The purpose of this study was to identify cultural models of breast cancer held by Saudi women and to explore how these may influence early detection and treatment-seeking behaviors. Data were collected via semi-structured interviews with breast cancer survivors (n=20) from two Western cities in Saudi Arabia. Respondents were recruited through social networking, using purposive, snowball sampling. Illness narratives elicited during interviews were transcribed, coded and then analyzed using a modified grounded theory approach. Results suggest that fatalism, perceived threats to traditional role fulfillment, and a preference for traditional therapies commonly mark the breast cancer experiences of Saudi women, influencing their early detection and treatment-seeking behaviors. A more nuanced understanding of emic viewpoints could help to improve public health messaging and intervention strategies in Saudi Arabia.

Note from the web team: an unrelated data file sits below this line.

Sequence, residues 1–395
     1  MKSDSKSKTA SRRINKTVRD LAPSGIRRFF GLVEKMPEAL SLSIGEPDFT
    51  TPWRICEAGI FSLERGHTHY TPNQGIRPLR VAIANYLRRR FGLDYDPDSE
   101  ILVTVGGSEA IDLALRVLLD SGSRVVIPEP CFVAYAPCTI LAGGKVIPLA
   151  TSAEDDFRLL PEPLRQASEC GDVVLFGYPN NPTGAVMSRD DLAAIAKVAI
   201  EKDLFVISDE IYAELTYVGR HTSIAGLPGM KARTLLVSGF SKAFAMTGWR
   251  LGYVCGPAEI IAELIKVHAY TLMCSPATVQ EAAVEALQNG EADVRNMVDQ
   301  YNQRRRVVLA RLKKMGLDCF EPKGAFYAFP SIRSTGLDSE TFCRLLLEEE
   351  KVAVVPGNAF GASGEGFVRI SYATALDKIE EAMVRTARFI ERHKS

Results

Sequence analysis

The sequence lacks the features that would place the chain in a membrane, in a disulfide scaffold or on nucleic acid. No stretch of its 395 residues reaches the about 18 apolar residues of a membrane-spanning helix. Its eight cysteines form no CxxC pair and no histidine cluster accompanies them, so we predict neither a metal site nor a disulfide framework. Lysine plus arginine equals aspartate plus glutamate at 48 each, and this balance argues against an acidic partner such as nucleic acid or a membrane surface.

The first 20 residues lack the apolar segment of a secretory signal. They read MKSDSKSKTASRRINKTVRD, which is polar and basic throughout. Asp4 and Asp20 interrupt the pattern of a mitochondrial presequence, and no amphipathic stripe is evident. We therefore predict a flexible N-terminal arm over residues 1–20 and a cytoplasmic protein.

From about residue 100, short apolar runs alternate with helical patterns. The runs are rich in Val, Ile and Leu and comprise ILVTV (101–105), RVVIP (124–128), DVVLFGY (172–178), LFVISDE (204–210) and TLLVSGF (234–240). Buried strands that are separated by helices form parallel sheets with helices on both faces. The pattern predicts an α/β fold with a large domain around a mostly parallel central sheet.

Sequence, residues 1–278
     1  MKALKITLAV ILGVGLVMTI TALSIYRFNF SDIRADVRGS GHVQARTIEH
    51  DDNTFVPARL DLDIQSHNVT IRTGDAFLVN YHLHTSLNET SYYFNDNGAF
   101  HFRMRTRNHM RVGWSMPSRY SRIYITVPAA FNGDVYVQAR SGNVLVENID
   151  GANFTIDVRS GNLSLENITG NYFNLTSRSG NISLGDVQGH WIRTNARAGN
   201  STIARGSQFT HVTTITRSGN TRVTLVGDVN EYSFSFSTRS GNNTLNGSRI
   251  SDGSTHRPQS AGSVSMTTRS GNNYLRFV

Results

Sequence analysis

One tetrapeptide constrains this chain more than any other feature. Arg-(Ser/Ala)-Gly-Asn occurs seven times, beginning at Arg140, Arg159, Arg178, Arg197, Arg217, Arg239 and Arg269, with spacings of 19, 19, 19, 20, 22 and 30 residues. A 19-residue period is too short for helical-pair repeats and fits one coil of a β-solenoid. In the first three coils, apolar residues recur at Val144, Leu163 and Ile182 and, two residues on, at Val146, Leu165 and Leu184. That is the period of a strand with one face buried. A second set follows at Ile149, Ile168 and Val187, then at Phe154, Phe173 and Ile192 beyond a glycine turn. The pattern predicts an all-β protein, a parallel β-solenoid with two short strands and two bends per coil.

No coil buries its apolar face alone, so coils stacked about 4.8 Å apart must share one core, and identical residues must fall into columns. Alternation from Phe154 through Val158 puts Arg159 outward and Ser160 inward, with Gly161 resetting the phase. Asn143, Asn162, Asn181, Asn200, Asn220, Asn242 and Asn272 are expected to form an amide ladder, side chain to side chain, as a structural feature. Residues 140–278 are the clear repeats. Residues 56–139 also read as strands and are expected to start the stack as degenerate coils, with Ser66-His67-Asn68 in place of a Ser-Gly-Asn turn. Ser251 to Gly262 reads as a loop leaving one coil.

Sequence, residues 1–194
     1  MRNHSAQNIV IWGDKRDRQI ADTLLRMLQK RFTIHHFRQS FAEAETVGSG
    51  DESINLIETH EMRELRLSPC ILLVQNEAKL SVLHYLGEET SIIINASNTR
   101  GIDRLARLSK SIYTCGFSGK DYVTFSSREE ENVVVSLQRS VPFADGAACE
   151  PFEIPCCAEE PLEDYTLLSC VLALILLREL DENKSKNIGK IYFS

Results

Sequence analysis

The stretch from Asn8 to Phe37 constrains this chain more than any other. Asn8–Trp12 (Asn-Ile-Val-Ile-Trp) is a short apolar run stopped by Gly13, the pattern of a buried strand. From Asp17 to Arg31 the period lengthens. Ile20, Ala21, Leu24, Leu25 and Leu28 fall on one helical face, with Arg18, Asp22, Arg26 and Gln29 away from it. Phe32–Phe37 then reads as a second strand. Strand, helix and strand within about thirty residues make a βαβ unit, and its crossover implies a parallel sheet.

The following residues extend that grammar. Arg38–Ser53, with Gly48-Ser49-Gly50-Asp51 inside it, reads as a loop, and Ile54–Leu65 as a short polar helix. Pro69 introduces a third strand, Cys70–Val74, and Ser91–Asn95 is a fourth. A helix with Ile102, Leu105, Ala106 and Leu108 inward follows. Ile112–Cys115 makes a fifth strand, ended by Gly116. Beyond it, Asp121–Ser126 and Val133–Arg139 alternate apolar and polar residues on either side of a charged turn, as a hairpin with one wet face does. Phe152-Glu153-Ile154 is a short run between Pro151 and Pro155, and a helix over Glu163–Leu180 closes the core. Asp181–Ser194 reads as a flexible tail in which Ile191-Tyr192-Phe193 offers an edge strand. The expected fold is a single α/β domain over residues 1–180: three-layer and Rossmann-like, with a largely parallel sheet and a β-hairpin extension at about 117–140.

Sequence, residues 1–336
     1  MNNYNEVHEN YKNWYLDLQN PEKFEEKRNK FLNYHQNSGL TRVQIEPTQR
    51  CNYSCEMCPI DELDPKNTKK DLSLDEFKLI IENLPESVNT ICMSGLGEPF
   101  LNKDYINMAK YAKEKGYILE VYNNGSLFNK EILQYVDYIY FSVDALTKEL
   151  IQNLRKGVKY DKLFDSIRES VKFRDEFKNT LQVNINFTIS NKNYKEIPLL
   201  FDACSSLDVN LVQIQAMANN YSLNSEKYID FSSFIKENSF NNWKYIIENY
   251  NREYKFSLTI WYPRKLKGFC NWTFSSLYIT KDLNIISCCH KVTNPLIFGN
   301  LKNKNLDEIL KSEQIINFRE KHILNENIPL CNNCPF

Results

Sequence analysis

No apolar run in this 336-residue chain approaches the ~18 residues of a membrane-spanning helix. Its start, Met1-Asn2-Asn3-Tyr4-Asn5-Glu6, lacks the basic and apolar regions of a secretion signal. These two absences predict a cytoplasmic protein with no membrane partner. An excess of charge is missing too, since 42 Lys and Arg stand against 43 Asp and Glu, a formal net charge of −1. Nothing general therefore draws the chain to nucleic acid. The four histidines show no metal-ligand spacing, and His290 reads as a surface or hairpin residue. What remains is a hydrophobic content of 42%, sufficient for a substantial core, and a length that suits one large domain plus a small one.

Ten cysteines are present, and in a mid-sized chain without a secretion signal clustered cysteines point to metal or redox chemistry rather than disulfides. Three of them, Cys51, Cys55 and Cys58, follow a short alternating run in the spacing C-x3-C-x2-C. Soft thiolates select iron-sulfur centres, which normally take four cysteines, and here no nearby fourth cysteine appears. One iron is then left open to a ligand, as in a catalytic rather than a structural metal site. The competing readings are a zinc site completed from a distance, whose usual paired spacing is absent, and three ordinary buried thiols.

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Sinky, T, M. Cheyney, and M. Dolcini. (2015). “If it is written by Allah, there is nothing that can stop it”: Saudi Women’s Breast Cancer Narratives. Health, Culture and Society.8(2):59-74.